Publication of ‘healthy’ definition and draft guidance on plant-based milk imminent

The FDA – which had previously announced its intention to release draft guidance on plant-based milk labeling by the end of June, told us: “The FDA intends to release a draft guidance expected to be entitled ‘Labeling of Plant-Based Milk Alternatives and Voluntary Nutrient Statements: Draft Guidance for Industry’ in the near future. The draft guidance is currently under review by OMB​ [which has a standard review time of 90 days].”

Asked when the FDA would define ‘healthy,’ the agency said: “FDA has drafted a proposed rule and the rule is being reviewed by OMB.​” Separately, two studies – outlined here –​ into a symbol that firms may use on products that meet the ‘healthy’ definition will be conducted “in the near future​,” added the agency.

Plant-based milk labeling


In some markets, Oatly is described on pack as an Oat Drink. In others, such as the US, it is described as Oat Milk. Image credits: Oatly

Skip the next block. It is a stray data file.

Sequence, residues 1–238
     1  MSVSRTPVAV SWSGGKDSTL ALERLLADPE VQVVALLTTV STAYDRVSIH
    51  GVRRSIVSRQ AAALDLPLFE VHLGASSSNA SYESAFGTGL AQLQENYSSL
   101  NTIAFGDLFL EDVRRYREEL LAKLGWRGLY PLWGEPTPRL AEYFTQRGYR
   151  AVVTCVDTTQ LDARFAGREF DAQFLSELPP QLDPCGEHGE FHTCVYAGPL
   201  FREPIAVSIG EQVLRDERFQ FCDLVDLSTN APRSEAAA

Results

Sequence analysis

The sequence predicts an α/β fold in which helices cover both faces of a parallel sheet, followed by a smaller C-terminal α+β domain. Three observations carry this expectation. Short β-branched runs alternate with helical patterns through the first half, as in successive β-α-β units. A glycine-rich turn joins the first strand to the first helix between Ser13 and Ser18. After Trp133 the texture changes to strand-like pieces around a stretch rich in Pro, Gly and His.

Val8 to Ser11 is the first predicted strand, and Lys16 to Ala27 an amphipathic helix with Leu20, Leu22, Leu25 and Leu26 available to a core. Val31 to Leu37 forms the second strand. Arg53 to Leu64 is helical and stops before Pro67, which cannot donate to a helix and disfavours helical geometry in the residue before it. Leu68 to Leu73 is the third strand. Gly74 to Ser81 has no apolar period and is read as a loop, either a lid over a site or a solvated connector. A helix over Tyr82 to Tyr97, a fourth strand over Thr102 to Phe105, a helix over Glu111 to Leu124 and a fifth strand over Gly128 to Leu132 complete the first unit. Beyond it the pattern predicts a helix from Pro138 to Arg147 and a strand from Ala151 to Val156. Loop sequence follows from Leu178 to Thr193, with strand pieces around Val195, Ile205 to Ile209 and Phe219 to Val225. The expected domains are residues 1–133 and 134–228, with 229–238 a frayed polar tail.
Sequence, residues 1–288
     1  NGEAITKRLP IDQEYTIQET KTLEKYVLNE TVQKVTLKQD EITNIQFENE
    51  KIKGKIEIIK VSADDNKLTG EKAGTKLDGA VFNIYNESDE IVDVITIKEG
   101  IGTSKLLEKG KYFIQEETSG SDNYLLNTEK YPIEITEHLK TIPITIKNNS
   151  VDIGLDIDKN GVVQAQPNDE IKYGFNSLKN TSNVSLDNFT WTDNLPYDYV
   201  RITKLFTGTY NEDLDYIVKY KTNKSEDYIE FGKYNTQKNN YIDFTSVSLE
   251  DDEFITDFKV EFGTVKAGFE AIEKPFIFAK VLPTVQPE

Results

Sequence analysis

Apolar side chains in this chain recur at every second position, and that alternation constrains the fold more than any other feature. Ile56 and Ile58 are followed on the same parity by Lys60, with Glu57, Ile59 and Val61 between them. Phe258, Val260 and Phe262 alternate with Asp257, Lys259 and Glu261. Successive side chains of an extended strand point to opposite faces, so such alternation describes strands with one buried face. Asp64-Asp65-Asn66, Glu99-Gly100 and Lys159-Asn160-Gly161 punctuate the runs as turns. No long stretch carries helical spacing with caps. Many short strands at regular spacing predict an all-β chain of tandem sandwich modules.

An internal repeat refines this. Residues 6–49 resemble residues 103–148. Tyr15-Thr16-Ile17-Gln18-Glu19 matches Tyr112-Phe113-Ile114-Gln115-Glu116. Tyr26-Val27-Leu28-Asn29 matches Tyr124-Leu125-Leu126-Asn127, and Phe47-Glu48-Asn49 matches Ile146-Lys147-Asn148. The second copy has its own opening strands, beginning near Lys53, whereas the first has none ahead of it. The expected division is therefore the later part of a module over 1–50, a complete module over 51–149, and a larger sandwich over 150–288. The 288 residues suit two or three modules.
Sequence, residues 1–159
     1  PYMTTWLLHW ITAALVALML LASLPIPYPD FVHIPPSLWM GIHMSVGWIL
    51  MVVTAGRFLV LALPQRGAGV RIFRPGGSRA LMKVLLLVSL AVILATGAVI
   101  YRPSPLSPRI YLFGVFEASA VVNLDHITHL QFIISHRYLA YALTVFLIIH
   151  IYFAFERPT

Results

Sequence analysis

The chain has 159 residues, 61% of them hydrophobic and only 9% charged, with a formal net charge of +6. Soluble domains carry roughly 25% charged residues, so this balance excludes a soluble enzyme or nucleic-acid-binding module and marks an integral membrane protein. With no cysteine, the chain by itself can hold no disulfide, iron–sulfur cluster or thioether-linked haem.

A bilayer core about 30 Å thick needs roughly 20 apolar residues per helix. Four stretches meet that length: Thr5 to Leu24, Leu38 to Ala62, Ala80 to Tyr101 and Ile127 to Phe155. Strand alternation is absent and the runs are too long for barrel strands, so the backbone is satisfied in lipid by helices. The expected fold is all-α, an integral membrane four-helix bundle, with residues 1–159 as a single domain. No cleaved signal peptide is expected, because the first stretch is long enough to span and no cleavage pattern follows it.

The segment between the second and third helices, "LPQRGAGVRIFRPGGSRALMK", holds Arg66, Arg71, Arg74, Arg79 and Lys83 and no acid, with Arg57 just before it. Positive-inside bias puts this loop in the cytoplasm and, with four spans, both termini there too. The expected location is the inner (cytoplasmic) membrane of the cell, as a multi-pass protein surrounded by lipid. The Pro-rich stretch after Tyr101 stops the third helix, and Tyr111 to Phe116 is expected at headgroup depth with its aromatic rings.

While terms such as ‘soymilk’ and ‘oatmilk’ are prohibited in the EU (where Oatly is an Oat Drink), they are widely used in the US (where Oatly is Oat Milk). And the FDA – say critics – has fluctuated unhelpfully on the issue of whether such terms mislead shoppers or violate federal standards of identity,which limit the term ‘milk’ to the “milk secretions“of cows.

For example, the FDA queried the term ‘soy milk’ in warning letters to a couple of manufacturers in 2008 and 2012, but thereafter maintained radio silence on the topic until then-FDA commissioner Dr Scott Gottlieb reignited the debate in mid-2018telling delegates at a conference in Washington that, “We have a standard of identity for milk ​​and I intend to enforce that… an almond doesn’t lactate.”


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